First grade chemists began lab by observing a real lava lamp. We watched the hot wax rise and then fall after it reached the top and cooled. It reminded us of the way that yeast use budding to reproduce.
Then first grade chemists made lava lamps with a holiday twist! We used a solid and two liquids to create a gas.Why didn’t the water and oil mix? Why is the water at the bottom of our bottle? Why did the color fizzer color the water, but not the oil? What created the bubbles in our lava lamp? Why did they rise and then fall ? Click here for directions and for more information. Vocabulary included beaker and funnel.
PreK physicists began their study of magnets. There are many different types of magnets (horseshoe, bar, wand, and disc.)
These young scientists hypothesized which objects a magnet would and would not attract, and then we sorted those objects. When we finished, we drew our conclusions. Magnets attracted objects made from metal, but not all metal objects. The coin and can are made from metal, but they weren’t attracted to the magnets.
Next, each student walked around the room with a magnet testing to see which items in the lab were magnetic.
Finally, we investigated how magnets can push and pull. Click here to learn more about magnets.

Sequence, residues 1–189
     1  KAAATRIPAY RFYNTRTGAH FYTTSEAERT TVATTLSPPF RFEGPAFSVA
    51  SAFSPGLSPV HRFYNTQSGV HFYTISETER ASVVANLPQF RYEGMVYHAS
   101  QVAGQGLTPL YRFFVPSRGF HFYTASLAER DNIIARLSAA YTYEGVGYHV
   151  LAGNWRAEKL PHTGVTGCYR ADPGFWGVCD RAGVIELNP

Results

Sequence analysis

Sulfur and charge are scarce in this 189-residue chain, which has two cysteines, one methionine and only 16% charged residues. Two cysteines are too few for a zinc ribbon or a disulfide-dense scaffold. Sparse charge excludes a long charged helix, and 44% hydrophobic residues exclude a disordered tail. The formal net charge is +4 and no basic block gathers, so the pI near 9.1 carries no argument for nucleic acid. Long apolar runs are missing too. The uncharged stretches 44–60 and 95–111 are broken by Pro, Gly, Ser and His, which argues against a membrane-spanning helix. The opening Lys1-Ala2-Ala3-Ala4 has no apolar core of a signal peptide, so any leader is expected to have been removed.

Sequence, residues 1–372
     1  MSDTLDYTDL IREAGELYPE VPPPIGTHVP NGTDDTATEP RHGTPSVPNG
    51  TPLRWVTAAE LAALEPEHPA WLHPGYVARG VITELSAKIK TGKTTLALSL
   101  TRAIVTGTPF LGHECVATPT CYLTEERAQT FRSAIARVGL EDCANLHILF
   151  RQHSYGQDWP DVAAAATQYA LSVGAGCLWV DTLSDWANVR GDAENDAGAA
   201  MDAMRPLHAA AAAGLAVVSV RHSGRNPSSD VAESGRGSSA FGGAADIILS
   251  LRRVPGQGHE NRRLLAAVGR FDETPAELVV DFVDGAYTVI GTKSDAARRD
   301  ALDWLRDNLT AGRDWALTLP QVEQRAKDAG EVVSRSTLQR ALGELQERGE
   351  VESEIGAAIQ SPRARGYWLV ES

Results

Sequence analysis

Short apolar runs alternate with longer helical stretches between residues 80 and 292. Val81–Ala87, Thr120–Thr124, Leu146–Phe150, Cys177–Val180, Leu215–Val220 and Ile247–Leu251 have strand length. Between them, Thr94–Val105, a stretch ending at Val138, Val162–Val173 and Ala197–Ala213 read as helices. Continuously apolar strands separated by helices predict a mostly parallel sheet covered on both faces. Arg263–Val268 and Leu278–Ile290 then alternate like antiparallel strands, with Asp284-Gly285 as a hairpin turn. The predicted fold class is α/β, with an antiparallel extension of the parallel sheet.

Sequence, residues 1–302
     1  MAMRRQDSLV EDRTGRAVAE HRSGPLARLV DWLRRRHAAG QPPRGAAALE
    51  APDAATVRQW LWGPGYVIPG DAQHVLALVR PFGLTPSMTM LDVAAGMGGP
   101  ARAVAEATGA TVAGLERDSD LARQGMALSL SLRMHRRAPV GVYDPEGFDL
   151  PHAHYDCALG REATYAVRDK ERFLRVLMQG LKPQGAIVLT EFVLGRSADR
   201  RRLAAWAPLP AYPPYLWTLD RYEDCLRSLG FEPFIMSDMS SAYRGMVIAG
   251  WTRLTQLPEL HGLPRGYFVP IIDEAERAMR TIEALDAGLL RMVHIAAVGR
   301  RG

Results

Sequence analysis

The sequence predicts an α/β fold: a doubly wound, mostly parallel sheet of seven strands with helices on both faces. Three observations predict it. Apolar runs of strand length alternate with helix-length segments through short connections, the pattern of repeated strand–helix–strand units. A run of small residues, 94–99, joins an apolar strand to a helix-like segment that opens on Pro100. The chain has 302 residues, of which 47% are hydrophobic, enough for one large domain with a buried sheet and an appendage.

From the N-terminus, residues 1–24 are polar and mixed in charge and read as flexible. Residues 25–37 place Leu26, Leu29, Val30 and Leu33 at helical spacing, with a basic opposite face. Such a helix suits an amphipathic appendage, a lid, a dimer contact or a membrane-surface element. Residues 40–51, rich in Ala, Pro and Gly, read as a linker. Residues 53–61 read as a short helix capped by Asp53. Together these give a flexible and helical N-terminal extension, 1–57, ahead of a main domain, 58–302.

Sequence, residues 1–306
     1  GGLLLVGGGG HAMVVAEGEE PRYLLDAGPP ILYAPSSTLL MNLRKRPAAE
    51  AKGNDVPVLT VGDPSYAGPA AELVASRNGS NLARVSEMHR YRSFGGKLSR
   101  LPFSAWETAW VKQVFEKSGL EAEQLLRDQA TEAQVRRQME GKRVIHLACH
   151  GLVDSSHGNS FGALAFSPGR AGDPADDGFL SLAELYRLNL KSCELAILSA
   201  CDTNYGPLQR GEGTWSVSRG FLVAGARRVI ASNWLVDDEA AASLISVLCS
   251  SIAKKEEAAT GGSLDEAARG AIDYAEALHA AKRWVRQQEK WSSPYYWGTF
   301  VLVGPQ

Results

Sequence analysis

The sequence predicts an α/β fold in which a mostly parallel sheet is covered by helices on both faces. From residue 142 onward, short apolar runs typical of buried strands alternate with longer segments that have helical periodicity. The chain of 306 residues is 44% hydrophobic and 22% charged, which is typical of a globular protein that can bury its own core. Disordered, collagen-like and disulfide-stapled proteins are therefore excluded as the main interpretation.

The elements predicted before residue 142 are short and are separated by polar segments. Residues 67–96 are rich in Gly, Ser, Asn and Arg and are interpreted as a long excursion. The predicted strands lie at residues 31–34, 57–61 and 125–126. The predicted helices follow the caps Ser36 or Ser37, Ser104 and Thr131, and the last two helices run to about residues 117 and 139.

First grade scientists continued their study of matter with a lab that focused on gas and air. We know a gas is in a liquid when we see bubbles. I opened carbonated beverages, and poured them into baby bottles. The nipples did not have holes inside them, so look what happened when I shook the bottles! What gas filled the nipples?
How can we prove that there is air all around us? Can we catch some of the air and fill up a plastic bag?
We also demonstrated that there is air around us with these water-filled bottles. I punched a hole in the side of each bottle before filling them. When the scientists opened the bottle top, air pushed the water out of the hole. When they closed the bottle top, the water stopped flowing.
First grade physicists also explored Bernoulli’s Principle. Look what happens when you place a ping pong ball in the flow of air created by a hair dryer! When we placed a paper cylinder above the ball, the ball went flying through. Why? Will other balls float too? If not, why? Will the ball move through a wider cylinder? Click here to learn more.
We repeated the investigation with balloons over a fan. We added a tube of poster board to funnel the air. Would a beach ball float too?
Sedimentary rocks are created from particles of sediment that accumulate in layers over a long period of time and harden into rock. They are often found near water and may contain fossils. I made a sedimentary rock by acting out a story about rain picking up sediments, soil, pebbles, shells, sand, and a small turtle as the water traveled across land. We pretended thousands of years passed and the sediments hardened into a rock. These resemble the conglomerate rocks we have in our rock boxes.
Before the holiday break, third grade scientists pressed shells or dinosaurs into clay at the bottom of a pond (bowl). Then we poured sediments on top of the impression and allowed it to harden. Today, we were paleontologists and excavated our fossils.